23. Humanistic Perspective • Unconditional Positive Regard • an attitude of total acceptance toward another person • Self-Concept • all our thoughts and feelings about ourselves, in an answer to the question, “Who am I?”

  24. Contemporary Research-- The Trait Perspective • Trait • a characteristic pattern of behavior • a disposition to feel and act, as assessed by self-report inventories and peer reports • Personality Inventory • a questionnaire (often with true-false or agree-disagree items) on which people respond to items designed to gauge a wide range of feelings and behaviors used to assess selected personality traits (factor analysis)

  25. Trait –Perspective • Gordon Allport 18,000 cardinal central secondary pervasive friendly, calm food/music likes • Raymond Cattell 16 (factor analysis) trait clusters Myers-Briggs

  26. UNSTABLE Moody Touchy Anxious Restless Rigid Aggressive Sober Excitable Pessimistic Changeable Reserved Impulsive Unsociable Optimistic Quiet Active choleric melancholic INTROVERTED EXTRAVERTED Passive phlegmatic sanguine Sociable Careful Outgoing Thoughtful Talkative Peaceful Responsive Controlled Easygoing Reliable Lively Even-tempered Carefree Calm Leadership STABLE The Trait Perspective • Eysenck used two primary personality factors as axes for describing personality variation • OCEAN Open, Conscientious, Extravert, Agreeable, Neurotic = BIG 5

  27. The Trait Perspective • Minnesota Multiphasic Personality Inventory (MMPI) • the most widely researched and clinically used of all personality tests • originally developed to identify emotional disorders (still considered its most appropriate use) • now used for many other screening purposes

  28. Clinically significant range 1 2 3 4 5 6 7 8 9 10 Hypochondriasis (concern with body symptoms) Depression (pessimism, hopelessness) After treatment (no scores in the clinically significant range) Hysteria (uses symptoms to solve problems) Before treatment (anxious, depressed, and displaying deviant behaviors) Psychopathic deviancy (disregard for social standards) Masculinity/femininity (interests like those of other sex) Paranoia (delusions, suspiciousness) Psychasthenia (anxious, guilt feelings) Schizophrenia (withdrawn, bizarre thoughts) Hypomania (overactive, excited, impulsive) Social introversion (shy, inhibited) 0 30 40 50 60 70 80 T-score The Trait Perspective • Minnesota Multiphasic Personality Inventory (MMPI) test profile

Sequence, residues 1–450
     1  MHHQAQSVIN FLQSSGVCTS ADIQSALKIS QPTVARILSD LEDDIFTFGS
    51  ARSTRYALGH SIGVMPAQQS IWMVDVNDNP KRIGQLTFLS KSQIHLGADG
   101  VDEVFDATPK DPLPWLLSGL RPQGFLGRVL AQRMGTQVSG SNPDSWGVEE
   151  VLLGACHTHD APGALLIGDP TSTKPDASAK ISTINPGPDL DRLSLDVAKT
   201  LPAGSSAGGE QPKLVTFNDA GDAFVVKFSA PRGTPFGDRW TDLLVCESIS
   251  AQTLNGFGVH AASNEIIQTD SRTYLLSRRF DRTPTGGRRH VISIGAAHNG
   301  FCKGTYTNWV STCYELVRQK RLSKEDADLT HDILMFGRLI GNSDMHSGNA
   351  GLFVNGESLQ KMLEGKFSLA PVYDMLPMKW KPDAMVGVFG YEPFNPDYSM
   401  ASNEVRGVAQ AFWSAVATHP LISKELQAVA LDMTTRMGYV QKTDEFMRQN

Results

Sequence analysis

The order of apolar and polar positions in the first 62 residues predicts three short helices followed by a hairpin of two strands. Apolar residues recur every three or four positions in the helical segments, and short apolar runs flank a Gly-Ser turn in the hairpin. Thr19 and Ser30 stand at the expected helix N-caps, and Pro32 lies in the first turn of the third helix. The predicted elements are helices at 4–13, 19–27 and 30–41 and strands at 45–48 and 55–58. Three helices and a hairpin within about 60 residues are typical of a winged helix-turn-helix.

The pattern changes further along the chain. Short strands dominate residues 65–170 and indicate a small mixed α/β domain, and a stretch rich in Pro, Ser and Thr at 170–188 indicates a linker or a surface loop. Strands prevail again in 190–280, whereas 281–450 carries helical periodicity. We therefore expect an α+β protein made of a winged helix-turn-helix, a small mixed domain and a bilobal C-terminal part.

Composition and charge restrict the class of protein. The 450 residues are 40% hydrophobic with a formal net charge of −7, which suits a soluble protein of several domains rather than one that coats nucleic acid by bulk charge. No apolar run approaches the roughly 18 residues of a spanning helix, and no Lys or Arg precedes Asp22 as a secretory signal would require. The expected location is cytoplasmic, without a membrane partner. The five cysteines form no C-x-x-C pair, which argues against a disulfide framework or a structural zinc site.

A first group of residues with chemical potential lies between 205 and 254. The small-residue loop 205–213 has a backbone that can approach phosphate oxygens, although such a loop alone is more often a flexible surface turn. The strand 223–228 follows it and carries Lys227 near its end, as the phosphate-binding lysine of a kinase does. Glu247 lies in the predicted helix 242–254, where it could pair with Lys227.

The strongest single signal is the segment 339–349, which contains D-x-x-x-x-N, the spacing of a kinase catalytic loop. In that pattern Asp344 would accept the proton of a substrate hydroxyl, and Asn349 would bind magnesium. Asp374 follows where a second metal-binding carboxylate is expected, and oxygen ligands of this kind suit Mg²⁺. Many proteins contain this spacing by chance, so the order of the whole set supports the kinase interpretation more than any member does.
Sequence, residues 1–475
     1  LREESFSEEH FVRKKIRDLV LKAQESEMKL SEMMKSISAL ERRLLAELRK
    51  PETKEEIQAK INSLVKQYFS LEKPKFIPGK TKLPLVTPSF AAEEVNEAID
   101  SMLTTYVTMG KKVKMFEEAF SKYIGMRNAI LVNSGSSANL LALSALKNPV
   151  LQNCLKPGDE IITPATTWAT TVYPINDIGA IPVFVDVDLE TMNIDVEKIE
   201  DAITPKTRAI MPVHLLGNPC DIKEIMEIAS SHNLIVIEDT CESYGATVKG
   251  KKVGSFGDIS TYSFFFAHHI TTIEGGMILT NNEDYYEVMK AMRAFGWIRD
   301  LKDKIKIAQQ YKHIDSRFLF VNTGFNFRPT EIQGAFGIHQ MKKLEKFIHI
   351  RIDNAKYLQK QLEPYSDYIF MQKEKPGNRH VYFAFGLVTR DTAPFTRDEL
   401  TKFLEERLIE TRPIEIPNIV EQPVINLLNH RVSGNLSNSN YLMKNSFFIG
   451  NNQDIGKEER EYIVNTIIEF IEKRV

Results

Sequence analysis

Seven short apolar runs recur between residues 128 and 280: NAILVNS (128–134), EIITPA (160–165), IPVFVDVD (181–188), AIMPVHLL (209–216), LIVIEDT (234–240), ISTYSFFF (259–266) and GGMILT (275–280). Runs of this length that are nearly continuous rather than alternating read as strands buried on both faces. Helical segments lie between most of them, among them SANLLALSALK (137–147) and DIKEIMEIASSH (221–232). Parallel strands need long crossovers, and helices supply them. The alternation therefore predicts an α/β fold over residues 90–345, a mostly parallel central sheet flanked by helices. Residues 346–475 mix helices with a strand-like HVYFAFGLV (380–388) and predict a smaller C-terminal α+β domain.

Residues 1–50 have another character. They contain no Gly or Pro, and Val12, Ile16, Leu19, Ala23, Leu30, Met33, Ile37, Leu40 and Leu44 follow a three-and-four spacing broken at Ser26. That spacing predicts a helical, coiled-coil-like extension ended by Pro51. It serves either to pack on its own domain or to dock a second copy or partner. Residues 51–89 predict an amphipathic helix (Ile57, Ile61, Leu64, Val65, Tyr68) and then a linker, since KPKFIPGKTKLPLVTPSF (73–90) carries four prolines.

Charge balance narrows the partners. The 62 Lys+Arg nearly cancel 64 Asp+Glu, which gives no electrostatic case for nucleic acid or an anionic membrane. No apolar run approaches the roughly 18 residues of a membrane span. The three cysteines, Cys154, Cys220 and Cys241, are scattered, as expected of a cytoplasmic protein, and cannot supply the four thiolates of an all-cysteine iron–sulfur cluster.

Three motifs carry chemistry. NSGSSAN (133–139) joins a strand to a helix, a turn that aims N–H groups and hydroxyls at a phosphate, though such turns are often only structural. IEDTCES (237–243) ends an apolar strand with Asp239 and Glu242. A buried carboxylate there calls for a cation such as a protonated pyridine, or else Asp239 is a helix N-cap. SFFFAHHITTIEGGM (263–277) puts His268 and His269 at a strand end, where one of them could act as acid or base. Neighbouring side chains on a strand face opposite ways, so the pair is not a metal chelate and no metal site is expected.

29. Trait Consistency? • Walter Mischel “If human behavior is determined by many interacting variables – both in the person and in the environment – then a focus on any one of them is likely to lead to limited predictions and generalizations.”

  30. Vocabulary review

  31. Social-Cognitive Perspective • Social-Cognitive Perspective • views behavior as influenced by the interaction between persons and their social context • Reciprocal Determinism • the interacting influences between personality and environmental factors

  32. Social Cognitive Perspective

  33. Social-Cognitive Perspective • Personal Control • our sense of controlling our environment rather than feeling helpless • External vs. Internal Locus of Control • the perception that either outside forces beyond one’s personal control determine one’s fate or one has control over one’s fate

  34. Who’s Who

  35. Social-Cognitive Perspective • Positive Psychology • the scientific study of optimal human functioning • aims to discover and promote conditions that enable individuals and communities to thrive

  36. Exploring the Self

  37. Exploring the Self • Spotlight Effect • overestimating others noticing and evaluating our appearance, performance, and blunders (the big pimple principle) • Self Esteem • one’s feelings of high or low self-worth • Self-Serving Bias • readiness to perceive oneself favorably

  38. Exploring the Self – cultural influence • Individualism • giving priority to one’s own goals over group goals and defining one’s identity in terms of personal attributes rather than group identifications “The squeaky wheel gets the grease” • Collectivism • giving priority to the goals of one’s group (often one’s extended family or work group) and defining one’s identity accordingly “The quacking duck gets shot.”

  39. Value Contrasts Between Individualism and Collectivism Concept Individualism Collectivism Self Independent Interdependent (identity from individual traits) identity from belonging) Life task Discover and express one’s Maintain connections, fit in uniqueness What matters Me--personal achievement and We-group goals and solidarity; fulfillment; rights and liberties social responsibilities and relationships Coping method Change reality Accommodate to reality Morality Defined by individuals Defined by social networks (self-based) (duty-based) Relationships Many, often temporary or casual; Few, close and enduring; confrontation acceptable harmony valued Attributing Behavior reflects one’s personality Behavior reflects social behaviors and attitudes norms and roles Exploring the Self

  40. Who Are You?